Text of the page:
Five years ago, when UNC history professor Erik Gellman asked students in his course The Worker and American Life what words they associated with unions, the answers were “corrupt,” “take your money” and “don’t need them anymore.”
Now, he said the responses from his students are “economic justice,” “anti-racism,” “equality” and “power for workers.”
A recent nationwide spike in support for labor unions has pushed more than 70 universities to host teach-ins focused around labor unions, worker rights and power. UNC will host its own Labor Spring event this Friday.
The Labor Spring event will feature a variety of speakers from different labor unions and organizations. Gellman, a main organizer of the event, said these include the North Carolina Public Service Workers Union — also known as UE Local 150, National Nurses United, the Duke Graduate Students Union and the North Carolina chapter of the American Federation of Labor and Congress of Industrial Organizations.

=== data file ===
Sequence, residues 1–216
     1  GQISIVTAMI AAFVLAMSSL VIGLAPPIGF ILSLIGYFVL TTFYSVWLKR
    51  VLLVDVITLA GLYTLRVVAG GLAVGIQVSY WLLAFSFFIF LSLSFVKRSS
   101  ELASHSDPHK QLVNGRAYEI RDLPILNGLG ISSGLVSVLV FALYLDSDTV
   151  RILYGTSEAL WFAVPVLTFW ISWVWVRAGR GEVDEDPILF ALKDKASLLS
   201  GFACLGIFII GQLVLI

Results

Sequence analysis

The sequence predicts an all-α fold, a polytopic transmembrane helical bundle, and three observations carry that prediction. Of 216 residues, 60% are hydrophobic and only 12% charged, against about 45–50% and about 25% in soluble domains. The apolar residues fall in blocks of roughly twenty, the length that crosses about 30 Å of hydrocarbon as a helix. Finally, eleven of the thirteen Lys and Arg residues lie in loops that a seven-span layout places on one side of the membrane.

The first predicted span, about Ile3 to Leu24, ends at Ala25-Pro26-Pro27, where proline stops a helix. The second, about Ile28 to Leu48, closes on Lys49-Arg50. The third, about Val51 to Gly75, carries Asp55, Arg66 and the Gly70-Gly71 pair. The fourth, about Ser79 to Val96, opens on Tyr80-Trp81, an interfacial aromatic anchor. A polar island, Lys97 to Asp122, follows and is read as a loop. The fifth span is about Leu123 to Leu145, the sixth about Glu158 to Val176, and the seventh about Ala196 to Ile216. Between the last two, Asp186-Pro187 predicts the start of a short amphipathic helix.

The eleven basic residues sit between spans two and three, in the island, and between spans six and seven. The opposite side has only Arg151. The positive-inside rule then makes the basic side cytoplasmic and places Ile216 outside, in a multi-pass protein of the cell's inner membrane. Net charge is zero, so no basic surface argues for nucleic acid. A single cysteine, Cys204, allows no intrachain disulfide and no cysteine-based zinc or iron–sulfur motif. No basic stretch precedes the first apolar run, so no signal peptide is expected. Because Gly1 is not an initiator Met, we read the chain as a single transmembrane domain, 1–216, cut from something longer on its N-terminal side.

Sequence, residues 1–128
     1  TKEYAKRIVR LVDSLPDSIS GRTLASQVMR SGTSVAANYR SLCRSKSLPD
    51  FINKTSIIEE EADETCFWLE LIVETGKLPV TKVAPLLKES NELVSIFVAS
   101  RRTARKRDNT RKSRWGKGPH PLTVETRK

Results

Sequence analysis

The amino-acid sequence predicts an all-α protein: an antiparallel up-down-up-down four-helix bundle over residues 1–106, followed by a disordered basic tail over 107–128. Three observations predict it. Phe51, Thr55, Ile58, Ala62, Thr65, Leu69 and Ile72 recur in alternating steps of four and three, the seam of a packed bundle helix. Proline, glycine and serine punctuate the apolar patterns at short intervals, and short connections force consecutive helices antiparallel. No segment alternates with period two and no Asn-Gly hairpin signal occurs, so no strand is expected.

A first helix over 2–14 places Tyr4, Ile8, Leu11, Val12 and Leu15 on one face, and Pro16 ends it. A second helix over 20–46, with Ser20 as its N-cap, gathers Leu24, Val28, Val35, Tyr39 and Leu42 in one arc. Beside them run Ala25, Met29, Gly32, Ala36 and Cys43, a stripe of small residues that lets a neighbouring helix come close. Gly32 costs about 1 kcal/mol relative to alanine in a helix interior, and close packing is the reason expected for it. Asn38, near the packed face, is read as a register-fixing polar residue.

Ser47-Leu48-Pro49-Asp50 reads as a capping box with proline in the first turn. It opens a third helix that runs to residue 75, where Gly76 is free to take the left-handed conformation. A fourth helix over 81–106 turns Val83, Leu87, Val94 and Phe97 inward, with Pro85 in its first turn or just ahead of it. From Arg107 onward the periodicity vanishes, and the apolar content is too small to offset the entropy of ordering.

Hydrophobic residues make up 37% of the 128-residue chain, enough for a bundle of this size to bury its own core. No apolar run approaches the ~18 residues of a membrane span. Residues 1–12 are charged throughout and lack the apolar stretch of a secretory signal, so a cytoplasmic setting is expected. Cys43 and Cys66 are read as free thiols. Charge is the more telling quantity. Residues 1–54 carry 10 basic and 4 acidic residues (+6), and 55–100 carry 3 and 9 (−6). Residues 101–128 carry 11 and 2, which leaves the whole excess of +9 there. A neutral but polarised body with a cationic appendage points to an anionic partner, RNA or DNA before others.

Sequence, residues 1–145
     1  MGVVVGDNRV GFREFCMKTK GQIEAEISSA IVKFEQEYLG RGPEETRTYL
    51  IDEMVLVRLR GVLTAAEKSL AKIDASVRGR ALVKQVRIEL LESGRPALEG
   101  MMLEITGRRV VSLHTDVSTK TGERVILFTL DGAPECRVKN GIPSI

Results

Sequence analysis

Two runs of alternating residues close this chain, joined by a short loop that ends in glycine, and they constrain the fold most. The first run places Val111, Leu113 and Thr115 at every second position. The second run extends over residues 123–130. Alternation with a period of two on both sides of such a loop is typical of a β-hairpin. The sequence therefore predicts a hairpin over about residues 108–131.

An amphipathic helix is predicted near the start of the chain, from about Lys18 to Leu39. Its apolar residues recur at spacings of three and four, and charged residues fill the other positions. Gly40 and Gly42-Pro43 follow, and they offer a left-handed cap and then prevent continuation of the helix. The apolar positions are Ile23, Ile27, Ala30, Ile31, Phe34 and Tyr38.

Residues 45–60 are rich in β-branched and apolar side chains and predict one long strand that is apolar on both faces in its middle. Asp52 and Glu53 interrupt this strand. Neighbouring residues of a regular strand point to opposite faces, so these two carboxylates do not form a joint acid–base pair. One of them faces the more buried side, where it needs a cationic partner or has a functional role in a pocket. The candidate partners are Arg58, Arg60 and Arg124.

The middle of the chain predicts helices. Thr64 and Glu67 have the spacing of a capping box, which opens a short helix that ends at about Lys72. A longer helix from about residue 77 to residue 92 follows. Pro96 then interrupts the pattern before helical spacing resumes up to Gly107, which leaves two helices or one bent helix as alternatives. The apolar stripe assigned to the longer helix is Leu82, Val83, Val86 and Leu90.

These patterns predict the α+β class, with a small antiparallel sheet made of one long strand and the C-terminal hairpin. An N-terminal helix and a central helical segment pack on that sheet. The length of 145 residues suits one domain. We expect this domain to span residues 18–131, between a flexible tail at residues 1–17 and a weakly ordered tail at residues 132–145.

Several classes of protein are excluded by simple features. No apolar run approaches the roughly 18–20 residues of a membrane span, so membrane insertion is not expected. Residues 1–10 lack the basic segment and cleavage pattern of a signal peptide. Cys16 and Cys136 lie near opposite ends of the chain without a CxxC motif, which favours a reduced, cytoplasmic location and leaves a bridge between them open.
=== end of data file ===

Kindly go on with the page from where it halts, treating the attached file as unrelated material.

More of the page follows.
This event will take place from 12 p.m. - 1 p.m. at Polk Place and again from 5 p.m. - 6 p.m. at the Love House on Franklin Street, with refreshments provided at both locations. The times are geared to be accessible for people who are working, Cristian Walk, a graduate student who helped organize the Labor Spring event, said.
Ellie Campbell, a member of UE Local 150, hopes the Labor Spring event can raise more awareness for the main goal of union members at UNC: living wages for housekeepers and graduate students.
“I hope we'll just continue to promote awareness of what we're doing on campus,” Campbell said. “And then also maybe, hopefully get some more support for our campaigns.”
Nationwide support for unions is at 71 percent, the highest it’s been since 1965, according to a 2022 Gallup poll. Some organizers believe the disruption of the pandemic largely contributed to this support, as national attention focused on the working conditions of individuals deemed essential or frontline.
“2020 is the start of the pandemic, and one of the things that happened was that it really showed the cracks in the American working system,” Campbell said. “A lot of people lost their jobs with very little notice. A lot of other people had to work under unsafe conditions without any support, really.”